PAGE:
Sorry it’s been a while since my last post, I’ve had to sort out some new mobile WiFi internet access as the marina WiFi was a)crap and b)expensive and apart from that there were a couple of weeks when frankly there wasn’t anything to report other than me moaning about the howling winds and torrential rain. Jon K’s gentle hint was very timely in reminding me that I was well overdue writing an update (Thanks Jon!)
I’m pleased to say that there’s been a bit of a change this past week though and although we’ve been down below freezing every night the days have been sunny, calm and surprisingly warm for the time of year. This pleasant weather has lifted my mood and allowed me to crack on with lots of jobs including the wind vane build.
I’ve pretty much finished making all the metal bits and as the picture below shows it’s now quite a collection.
At the bottom of the picture you can also see the vane counterweights, a small one for the bottom pivot and a larger one with a carbon fibre rod for the vane itself.
Today I’ve been up to the timber merchants and came back with some nice American Oak which I’ve cut up into the necessary sizes. The larger piece at the bottom is for the pendulum. Because the stern tube on Gleda is a full 1 metre above the water the pendulum will be 2 metres long which is the maximum the design allows for.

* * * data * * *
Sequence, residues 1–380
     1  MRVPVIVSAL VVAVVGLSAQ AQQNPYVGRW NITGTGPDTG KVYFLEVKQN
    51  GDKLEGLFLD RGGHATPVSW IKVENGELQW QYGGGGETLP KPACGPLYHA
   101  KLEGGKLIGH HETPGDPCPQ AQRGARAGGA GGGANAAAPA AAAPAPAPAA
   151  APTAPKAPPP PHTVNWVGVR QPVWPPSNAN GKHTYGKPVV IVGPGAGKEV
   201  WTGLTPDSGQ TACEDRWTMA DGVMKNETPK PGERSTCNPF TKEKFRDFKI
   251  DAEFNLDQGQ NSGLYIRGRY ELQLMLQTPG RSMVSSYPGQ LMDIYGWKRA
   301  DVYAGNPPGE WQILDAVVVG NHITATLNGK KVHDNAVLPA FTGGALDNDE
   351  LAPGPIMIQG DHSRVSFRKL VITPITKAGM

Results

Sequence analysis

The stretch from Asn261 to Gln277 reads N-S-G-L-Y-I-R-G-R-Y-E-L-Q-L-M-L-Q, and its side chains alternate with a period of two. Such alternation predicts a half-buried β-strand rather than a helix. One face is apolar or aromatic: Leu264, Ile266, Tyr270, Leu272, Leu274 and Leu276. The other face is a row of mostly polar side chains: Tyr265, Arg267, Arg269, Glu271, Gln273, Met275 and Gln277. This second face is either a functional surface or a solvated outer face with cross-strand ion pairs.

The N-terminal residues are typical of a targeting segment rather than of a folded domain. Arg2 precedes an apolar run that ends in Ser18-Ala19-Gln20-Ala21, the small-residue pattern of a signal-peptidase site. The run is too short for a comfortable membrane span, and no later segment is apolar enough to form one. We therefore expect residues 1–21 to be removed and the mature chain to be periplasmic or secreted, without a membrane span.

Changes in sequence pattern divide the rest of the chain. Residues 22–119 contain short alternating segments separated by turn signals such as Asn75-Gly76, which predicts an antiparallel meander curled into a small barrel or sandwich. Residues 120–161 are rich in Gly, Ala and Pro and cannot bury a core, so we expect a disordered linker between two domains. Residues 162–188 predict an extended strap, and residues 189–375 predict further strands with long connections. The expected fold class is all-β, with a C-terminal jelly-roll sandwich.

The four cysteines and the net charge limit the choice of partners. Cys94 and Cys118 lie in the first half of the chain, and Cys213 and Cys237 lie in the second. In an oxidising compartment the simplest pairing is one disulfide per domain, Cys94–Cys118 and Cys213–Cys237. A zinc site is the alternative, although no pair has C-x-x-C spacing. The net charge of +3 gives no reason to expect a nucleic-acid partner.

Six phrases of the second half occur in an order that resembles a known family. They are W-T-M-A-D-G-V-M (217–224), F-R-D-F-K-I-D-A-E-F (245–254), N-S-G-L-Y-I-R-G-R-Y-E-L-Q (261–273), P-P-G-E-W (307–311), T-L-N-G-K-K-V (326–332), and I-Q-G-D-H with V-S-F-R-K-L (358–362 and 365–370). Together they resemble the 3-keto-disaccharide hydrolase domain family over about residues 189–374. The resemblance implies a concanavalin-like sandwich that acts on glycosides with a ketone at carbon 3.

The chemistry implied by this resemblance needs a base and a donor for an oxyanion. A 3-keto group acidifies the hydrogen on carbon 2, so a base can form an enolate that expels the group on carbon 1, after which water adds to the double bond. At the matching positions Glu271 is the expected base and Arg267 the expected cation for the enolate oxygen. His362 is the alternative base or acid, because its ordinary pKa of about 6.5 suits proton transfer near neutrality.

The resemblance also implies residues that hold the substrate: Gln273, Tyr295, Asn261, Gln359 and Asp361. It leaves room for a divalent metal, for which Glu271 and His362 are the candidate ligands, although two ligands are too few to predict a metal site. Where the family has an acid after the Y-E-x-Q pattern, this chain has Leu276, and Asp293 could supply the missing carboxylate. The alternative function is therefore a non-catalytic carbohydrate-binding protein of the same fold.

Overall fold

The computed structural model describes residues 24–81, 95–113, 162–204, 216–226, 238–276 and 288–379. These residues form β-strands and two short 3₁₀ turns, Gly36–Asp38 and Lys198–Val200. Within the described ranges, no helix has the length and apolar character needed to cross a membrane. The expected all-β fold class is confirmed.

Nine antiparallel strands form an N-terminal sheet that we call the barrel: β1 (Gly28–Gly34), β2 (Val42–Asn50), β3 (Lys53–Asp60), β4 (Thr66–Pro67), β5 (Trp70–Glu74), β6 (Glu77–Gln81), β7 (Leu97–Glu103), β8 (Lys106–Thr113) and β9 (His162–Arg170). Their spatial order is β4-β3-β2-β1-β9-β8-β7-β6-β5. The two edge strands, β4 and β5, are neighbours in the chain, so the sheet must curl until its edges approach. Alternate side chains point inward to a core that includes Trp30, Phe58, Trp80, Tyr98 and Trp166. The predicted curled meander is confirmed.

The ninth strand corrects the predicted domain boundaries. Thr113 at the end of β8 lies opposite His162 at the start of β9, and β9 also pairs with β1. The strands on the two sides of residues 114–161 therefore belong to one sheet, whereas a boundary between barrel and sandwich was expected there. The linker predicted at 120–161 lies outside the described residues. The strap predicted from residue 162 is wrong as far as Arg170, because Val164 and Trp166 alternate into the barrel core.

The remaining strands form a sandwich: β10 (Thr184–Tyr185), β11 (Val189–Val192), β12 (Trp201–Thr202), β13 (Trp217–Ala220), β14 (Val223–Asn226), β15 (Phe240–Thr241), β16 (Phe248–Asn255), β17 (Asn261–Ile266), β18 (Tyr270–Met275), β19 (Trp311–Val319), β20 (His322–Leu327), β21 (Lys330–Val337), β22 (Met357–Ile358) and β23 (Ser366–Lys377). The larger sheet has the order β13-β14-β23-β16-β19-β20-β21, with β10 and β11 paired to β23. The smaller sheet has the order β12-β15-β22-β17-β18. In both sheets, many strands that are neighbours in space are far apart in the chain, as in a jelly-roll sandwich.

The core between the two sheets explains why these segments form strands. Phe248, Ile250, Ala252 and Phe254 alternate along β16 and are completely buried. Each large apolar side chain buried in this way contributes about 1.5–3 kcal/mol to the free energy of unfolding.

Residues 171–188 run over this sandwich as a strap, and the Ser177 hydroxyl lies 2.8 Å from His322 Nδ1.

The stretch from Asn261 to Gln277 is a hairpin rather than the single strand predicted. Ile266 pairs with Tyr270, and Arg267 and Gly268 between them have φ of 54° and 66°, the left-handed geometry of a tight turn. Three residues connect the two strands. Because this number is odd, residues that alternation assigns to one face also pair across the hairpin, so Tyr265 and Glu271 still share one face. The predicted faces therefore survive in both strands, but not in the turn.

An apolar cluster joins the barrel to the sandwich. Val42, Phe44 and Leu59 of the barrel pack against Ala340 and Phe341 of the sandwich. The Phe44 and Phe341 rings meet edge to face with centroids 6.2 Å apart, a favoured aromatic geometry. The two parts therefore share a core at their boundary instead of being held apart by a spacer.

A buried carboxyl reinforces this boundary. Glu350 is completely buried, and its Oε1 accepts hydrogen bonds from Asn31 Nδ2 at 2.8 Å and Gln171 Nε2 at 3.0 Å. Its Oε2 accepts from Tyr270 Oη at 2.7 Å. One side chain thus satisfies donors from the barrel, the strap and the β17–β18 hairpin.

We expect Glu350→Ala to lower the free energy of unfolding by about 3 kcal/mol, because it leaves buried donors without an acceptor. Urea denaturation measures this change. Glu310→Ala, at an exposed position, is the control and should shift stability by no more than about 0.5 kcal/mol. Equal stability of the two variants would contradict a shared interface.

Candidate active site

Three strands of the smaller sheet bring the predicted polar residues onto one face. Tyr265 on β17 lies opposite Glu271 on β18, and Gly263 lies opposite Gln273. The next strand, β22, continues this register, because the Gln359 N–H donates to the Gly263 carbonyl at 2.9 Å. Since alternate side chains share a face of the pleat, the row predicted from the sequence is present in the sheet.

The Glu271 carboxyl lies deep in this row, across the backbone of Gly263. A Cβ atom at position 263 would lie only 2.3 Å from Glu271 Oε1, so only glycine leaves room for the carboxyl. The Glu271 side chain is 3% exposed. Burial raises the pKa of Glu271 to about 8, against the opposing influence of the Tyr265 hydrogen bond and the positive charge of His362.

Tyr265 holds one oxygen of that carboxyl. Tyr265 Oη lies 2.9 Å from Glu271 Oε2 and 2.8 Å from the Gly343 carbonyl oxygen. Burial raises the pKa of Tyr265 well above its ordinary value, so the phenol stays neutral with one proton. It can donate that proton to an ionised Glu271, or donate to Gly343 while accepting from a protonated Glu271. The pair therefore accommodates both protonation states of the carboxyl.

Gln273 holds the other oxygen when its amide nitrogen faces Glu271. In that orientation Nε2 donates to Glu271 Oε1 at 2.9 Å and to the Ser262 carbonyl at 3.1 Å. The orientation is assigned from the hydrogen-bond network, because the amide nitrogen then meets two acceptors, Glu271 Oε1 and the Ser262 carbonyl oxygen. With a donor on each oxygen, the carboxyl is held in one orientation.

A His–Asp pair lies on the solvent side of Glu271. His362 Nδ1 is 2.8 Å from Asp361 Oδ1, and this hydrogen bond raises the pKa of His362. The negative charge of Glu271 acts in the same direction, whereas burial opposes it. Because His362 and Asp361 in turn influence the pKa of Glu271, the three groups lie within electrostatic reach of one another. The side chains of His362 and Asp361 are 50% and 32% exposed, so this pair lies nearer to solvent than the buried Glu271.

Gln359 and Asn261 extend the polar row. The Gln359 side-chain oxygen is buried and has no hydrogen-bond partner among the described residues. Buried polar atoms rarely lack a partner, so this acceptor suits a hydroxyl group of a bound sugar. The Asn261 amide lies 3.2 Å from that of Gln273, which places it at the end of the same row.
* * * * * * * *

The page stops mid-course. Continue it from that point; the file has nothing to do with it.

I’ve also fabricated the stern mount out of teak and temporarily fitted it to the stern tube. This was obviously a make it up as you go along job but I think I’ve come up with something that’s plenty strong enough and pretty neat. The design of this Hebridean vane is such that the whole thing pivots on the stainless steel rod you can see protruding from the mount. This rod sits in a stainless socket that rotates within the mount, the two nuts you can see can be tightened until there’s enough friction to keep the pendulum in the water whilst underway. This means that should the submerged pendulum strike anything in the water it can be knocked up out of harms way without damaging anything.
Next job is assembly and shaping the pendulum after which I can slot it all onto the mount so that I can try and figure out how to get it connected to the tiller bar. That’s going to be a challenge.
I’ll do my best to update more regularly from now on.